Much has been written about tattoos as a form of cultural production and more recently scholars have shared insights across the fields of feminism, sociology, cultural studies and consumer research.
‘Skin reflects the dynamic relationship between inside and outside, self and society, between personal identity projects and marketplace cultures.’ (Patterson and Schroeder, 2010 pg. 254)
Just as books embody knowledge and meaning, the skin too can be read and interpreted through body adornment. In July 2017 Victoria and Albert Museum Artist in Residence and Jewellery Designer Silvia Weidenbach came to me with an interesting project proposal. Silvia wanted to interrogate how four disciplines including book binding, jewellery design, art history and tattoo art could come together to produce new meanings for thinking about content production in the museum context. The project raised questions on authorship, intellectual property, knowledge, skills, craft and expertise, my thoughts here provide some interesting thoughts for future analysis.
Silvia’s residency is supported by the Gilbert Trust and the V&A holds the Rosalinde and Arthur Gilbert Collection, a repository of objects, many in precious materials and small in scale. One of the objects is an 18th century snuff box made in Saxony, then a centre of production in luxury goods, it depicts a chimney sweep a symbol of good luck set in hardstones standing against a trellis pattern of red stone. Silvia’s residency is informed by this collection, her work is influenced by the 17th century cabinet of curiosity melding historical techniques and new technologies. The chimney sweep on the snuff box became the point of reference for exploring the synergies between the disciplines noted above.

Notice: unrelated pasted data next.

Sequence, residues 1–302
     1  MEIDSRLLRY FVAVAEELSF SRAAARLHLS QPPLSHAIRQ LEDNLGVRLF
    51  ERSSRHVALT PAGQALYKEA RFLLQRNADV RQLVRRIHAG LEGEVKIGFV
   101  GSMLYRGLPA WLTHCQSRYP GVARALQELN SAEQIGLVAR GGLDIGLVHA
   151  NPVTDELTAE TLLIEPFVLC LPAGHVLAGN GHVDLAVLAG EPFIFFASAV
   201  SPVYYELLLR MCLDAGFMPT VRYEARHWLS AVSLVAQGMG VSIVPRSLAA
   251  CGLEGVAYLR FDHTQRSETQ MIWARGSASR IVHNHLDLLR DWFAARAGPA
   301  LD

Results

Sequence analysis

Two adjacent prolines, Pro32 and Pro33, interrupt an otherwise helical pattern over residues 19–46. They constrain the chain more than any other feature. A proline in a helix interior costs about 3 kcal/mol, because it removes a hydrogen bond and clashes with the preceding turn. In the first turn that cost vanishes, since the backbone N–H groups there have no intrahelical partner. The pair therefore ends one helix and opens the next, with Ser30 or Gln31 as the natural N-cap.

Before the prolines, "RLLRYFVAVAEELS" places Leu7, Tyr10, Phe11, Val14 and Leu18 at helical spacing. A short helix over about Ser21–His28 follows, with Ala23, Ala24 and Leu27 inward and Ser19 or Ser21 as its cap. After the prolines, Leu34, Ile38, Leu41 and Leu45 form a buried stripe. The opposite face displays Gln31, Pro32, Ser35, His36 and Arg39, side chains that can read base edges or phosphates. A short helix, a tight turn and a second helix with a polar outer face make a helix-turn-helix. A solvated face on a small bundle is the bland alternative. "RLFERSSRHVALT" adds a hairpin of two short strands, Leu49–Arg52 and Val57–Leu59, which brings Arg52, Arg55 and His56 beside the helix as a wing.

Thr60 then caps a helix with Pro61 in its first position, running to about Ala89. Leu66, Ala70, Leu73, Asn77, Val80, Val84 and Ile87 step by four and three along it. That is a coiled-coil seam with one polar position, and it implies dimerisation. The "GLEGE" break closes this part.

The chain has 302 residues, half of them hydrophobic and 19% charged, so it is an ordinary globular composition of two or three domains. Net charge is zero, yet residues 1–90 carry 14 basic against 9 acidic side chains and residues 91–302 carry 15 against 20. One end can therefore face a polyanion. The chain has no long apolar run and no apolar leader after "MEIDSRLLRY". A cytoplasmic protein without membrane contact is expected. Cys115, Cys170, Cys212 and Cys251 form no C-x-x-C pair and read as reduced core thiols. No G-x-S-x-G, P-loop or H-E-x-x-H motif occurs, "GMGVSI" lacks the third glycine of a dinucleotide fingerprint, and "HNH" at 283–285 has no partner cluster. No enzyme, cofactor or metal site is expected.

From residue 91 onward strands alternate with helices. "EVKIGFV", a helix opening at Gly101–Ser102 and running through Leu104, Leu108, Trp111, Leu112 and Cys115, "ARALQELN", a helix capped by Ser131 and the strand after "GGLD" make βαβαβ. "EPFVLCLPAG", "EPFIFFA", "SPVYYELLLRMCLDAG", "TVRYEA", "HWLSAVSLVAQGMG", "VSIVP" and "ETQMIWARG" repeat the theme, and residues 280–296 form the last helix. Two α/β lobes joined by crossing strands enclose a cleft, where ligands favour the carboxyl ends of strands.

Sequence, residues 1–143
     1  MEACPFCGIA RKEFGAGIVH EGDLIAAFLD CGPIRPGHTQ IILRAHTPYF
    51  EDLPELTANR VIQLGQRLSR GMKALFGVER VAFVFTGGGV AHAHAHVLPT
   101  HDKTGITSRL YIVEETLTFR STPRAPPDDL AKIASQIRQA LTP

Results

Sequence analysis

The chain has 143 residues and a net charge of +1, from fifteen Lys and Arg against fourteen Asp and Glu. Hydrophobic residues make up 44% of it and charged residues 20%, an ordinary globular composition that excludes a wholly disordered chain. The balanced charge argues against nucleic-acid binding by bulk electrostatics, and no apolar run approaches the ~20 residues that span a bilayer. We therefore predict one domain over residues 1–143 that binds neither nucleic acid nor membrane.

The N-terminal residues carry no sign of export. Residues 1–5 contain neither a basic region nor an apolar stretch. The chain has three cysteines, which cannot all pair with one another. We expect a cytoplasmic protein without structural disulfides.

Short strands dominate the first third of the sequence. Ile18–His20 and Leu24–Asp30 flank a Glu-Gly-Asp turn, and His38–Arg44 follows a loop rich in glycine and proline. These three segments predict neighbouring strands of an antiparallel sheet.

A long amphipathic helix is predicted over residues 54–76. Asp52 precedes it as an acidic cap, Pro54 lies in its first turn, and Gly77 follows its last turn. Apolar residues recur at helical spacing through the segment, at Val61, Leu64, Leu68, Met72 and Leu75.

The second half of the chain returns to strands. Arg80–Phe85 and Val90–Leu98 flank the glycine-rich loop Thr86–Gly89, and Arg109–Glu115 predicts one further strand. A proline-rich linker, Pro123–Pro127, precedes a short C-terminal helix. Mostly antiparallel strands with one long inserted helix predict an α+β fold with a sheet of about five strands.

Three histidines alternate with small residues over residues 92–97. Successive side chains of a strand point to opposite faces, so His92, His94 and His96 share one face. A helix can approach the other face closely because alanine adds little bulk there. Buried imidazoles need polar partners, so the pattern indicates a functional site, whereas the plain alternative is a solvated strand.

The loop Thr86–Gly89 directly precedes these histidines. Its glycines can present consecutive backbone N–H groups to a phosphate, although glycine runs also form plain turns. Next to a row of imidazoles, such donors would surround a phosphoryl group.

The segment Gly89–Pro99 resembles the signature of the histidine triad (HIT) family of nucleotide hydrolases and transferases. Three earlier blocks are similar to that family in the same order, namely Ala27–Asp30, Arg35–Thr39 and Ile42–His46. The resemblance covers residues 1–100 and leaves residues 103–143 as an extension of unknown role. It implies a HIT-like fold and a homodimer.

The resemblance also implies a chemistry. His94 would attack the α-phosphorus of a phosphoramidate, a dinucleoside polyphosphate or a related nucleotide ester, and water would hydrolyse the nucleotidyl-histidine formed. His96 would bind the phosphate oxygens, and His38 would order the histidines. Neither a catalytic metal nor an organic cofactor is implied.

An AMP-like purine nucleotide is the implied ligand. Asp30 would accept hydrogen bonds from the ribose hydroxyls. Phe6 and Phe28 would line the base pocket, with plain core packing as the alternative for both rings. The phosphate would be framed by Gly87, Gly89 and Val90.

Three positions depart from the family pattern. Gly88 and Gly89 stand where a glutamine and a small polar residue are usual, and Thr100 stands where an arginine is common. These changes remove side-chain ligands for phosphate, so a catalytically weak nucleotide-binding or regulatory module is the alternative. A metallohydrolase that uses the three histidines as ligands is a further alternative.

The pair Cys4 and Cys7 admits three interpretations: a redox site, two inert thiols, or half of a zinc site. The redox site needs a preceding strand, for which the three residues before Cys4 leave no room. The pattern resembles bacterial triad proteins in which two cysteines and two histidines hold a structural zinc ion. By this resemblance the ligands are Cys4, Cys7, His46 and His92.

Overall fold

Torsten Illner is a tattoo artist based in Germany, Silvia was interested in tattoo as a form of engraving, embodying a permanence that jewellery by its nature doesn’t have. Over a course of week at the V&A Silvia and Torsten mined the Gilbert Collection for imagery to create a body of new work that fused tattoo art with jewellery design. Torsten’s tools of the trade include DIY hack tattoo machines made from sourced components, a mix of found objects and bric-a-brac, for the purpose of this project Silvia 3d printed jewellery parts and embellished with crystal, fixed them to a tattoo machine and produced a bespoke implement to write and draw with a tattoo needle onto surfaces.
Rita Lass is a book artist based in Germany, Silvia introduced me to Rita as the third collaborator on the project. Silvia had asked Rita to make a box to contain the tattoo machine sing her skills in binding and box making. During her time at the V&A Rita utilised tools and materials from the book conservation department to make the box including bone folders, awls and leather. On production of the box the tattoo machine was carefully placed inside whilst Silvia and myself gathered ideas about a public event to test the machine in the context of discussions around ornament and adornment.